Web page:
Sun puts Xeon, Sparc T2+ chips in Netra rack servers
Maybe calling on telcos and service providers ain't such a bad idea
The Netra X4550 has 32 FB-DIMM memory slots, supporting a maximum of 128 GB today with double that coming soon with 8 GB DIMMs. The server has four Gigabit Ethernet ports on the board, plus two PCI-X slots and eight PCI-Express slots (one is eaten up by the SAS host bus adapter again). The Netra X4450 chassis has room for a dozen small form factor SAS drives.
In a base configuration with two E7338 processors running at 2.4 GHz, 8 GB of memory, and two 146 GB disks, the Netra X4450 costs $14,995. Putting in the maximum four processors (for a total of 16 cores), boosting memory to 32 GB, and slapping in four SAS drives jumps the price up to $25,395.
These two Xeon-based Netra boxes are certified to run Sun's own Solaris 10 Unix as well as Red Hat's Enterprise Linux, Novell's SUSE Linux Enterprise Server, and Microsoft's Windows Server 2003.
The final Netra box is based on Sun's own "Victoria Falls" Sparc T2+ processor, the first chip in the "Niagara" family of multicore Sparc chips that implements symmetric multiprocessing, which was shipped in regular Sun servers, code-named "Maramba," back in April.
The Netra T5440 is a two-socket, 4U server that has two of Sun's 1.2 GHz Sparc T2+ processors with either six or eight cores with eight threads each, for a total of 96 or 128 threads per box. The server has 32 FB-DIMM memory slots, and supports a maximum of 128 GB today, with double that coming shortly.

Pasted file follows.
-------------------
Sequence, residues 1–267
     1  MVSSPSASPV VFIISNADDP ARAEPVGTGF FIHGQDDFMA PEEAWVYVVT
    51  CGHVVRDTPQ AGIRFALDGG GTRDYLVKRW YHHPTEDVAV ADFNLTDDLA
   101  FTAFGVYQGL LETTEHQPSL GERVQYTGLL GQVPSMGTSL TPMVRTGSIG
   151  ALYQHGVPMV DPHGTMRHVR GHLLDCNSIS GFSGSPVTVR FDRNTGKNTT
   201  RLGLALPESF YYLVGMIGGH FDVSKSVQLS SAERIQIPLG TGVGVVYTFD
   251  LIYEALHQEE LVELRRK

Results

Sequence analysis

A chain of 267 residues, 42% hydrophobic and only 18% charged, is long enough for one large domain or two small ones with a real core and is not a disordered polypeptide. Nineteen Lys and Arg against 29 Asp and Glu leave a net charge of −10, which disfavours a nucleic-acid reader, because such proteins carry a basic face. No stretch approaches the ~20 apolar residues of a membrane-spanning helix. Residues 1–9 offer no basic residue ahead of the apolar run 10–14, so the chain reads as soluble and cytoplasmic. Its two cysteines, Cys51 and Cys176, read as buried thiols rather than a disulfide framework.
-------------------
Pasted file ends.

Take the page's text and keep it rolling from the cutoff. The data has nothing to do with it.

The system board in the Netra T5440 has four Gigabit Ethernet ports, two PCI-X slots, and eight PCI-Express slots. Solaris 10 Update 08/07 and later releases are supported on the machine.
With two six-core 1.2 GHz Sparc T2+ chips, 16 GB of memory, and two 146 GB disks, the Netra T5440 costs $19,635 - within spitting distance of the larger Intel NEBS-certified box announced above, and intentionally so. Moving up to an eight-core variant of the server and doubling memory to 32 GB while putting in four disks pumps the price up to $34,655.
Assuming that the Sparc T2+ box can do roughly the same work as the Tigerton box above on running Solaris applications created by telcos and SPs, if Sun can get the sale that's an extra $9,260 in revenue to Sun. Who knows how the profits work out, but presumably a bit of that drops to the bottom line.
All three Netra servers are available from today.
One last thing - for many years, Sun has sold its own low-level, high availability clustering software for the Netra product line, aimed specifically at telco applications and distinct from the Sun Cluster software that is used for back office database clustering.
While this Netra HA Suite code is still available for Sparc and x64 Netra machines, Butler says that Sun is working through the Service Availability Forum, a telco standards body, and third party software makers such as GoAhead and OpenClovis to get its Netra customers standards-compliant HA clustering. Sun has had to reckon its budgets, and Netra HA, while still available, is not being actively developed. ®
Sponsored: Today’s most dangerous security threats